2018: Wintering Over
“…Tent in yard – Bad spot…moved it. (Lissa) Sleeping in Guest Room on air (mattress) still. 8/14: Back in studio for the past week. Tent blew away… blown out grommet and hole in it now. Soaked by rain. Discovered 5 days ago – that attic is compromised as well. Both sicker when in house. Cats are lethargic. At wits end on how to save the house – where to go. As it stands, we don’t have the $ to do this on our own. Need HELP. The ******* failed us. Now need a complete do-over for all they fucked up. The STRESS is BEYOND. The ENTIRE house needs to be rebuilt.”
By late August, we realized that basically living outside: cooking on the side porch, and sleeping in the studio and/or a tent for weeks on end, was not enough to make a difference in our health. Winter was coming, and we were under tremendous pressure, being forced to leave the property, yet again. We found a short term rental for the winter, and moved into an apartment in South Burlington – which added 30 minutes to David’s commute. To add to the insanity, we still had to deal with all the regular yard work, mowing, and snow clearing, etc., back at the house.
Of course, the house had lost its value – being mostly gutted already, but still needing the remainder to be dismantled further. We had gotten sicker trying to live there and work on it ourselves for the past 3 months. Now we were back to exactly what we dealt with last spring: paying rent, AND the mortgage. This time in addition, we also had to pay to have the house professionally winterized. Our plan was to hunker down at the new apartment so we could figure out what we should do for the long term. All the while, hoping to get a bounce in our health from having left the property, AGAIN.
We were torn because saving the house was overwhelming. But it had a lot going for it, radiant heat on slab, no basement, great location, etc. The problems were ALL created by a horrible builder who had screwed everything up during the initial construction. Theoretically, putting it back together correctly would fix the issues, and we’d know what we have because we did it ourselves. I shuddered to think of dumping the house and becoming vagabonds — certainly, we’d be terrified to get involved in real estate again, but would still need a roof over our heads somehow.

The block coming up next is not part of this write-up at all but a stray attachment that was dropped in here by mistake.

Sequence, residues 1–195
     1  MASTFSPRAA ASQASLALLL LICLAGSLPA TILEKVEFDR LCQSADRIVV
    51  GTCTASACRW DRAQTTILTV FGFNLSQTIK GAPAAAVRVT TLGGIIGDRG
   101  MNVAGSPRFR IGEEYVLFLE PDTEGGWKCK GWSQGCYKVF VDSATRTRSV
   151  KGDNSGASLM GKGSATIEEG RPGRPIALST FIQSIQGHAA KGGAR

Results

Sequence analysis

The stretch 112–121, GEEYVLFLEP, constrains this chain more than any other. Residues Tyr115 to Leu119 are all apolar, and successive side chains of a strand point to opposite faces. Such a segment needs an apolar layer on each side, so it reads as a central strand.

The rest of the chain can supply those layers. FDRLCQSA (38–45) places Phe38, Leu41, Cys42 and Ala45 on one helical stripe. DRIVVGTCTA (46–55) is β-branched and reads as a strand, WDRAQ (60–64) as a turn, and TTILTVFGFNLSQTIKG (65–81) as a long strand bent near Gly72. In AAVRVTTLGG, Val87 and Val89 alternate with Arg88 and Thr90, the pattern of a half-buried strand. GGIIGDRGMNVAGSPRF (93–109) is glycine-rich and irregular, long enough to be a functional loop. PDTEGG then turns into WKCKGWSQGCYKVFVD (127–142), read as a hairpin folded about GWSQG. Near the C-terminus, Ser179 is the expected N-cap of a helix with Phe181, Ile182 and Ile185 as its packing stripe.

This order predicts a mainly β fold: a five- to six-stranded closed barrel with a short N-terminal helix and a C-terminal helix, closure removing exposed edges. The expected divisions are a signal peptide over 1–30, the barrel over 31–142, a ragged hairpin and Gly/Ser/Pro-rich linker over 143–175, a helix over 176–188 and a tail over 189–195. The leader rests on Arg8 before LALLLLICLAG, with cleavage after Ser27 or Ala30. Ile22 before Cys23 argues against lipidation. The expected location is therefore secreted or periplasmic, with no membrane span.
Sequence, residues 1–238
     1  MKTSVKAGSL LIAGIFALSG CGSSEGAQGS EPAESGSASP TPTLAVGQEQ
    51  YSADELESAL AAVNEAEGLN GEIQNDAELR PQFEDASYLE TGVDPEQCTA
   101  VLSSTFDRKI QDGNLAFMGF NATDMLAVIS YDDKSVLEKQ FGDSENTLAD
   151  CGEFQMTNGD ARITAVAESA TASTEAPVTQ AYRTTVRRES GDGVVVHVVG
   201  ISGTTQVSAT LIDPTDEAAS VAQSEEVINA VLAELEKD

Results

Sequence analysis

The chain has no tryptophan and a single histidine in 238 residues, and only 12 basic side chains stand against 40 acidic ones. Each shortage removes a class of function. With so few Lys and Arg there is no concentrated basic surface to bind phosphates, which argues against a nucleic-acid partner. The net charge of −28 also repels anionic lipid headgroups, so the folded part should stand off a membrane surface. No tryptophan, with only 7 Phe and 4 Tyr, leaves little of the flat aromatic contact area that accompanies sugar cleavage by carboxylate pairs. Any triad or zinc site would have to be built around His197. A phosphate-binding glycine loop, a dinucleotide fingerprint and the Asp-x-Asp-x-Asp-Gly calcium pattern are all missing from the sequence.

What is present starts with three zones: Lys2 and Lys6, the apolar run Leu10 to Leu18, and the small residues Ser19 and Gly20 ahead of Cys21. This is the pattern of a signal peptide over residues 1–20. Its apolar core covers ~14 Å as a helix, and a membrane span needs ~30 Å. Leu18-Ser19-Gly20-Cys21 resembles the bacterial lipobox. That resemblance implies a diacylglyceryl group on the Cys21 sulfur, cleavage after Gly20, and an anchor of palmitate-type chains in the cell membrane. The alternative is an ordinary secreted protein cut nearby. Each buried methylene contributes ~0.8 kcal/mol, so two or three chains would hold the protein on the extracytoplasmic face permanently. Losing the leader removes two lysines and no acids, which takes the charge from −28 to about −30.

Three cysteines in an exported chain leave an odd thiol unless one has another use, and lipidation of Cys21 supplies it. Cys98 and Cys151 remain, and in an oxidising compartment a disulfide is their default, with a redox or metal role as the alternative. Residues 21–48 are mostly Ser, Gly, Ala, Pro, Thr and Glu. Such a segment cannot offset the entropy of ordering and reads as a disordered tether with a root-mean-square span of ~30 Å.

Essentially, for months – we’d been swirling in circles like a stalled-out hurricane. We felt like we were in the “Cone of Uncertainty”, trying to figure out how to save our house after the massively failed remediation. Paying for a second remediation, AND materials for a rebuild, AND labor— was beyond our means. It equated to pick 2, but not all 3. We were both too sick for a total DIY project — it would take us 10 years!
Originally, we had investigated filing for bankruptcy with a lawyer, but our only real debt was the mortgage, so it made zero sense in our case. We had owned the house for 7 years, and it was only 16 yrs old. Since there were multiple parties who had either failed to disclose known issues, or made enough mistakes to have made the perfect storm out of the situation – the idea of bankruptcy at their collective hands was a hard pill to swallow.
We, in good faith, had been going about our lives as homeowners, upgrading the property and our house in reasonable DIY increments. Including a massive renovation to turn an old beat up shed into a cute little art studio. All the while, unbeknownst to us, we were getting sicker from all the hidden mold. It was crazy making to think we might lose what we thought was our dream home because of other people’s deception and negligence…. and on top of it, to find that it seems that we have no recourse!! We felt like lost souls without a clue how to solve this conundrum.
Did I mention that our insurance didn’t cover a penny?! It turns out that insurance companies will say… “A slow issue is YOUR problem”. The irony being that if we’d forgotten to winterize a vacation home, and the pipes burst, the “damages due to ‘operator error'”, would have been covered, with virtually zero accountability expected of the homeowner. Yet – unseen and undetectable damage, not caused by lack of maintenance is readily excluded – placing the homeowner with full culpability for something beyond their control.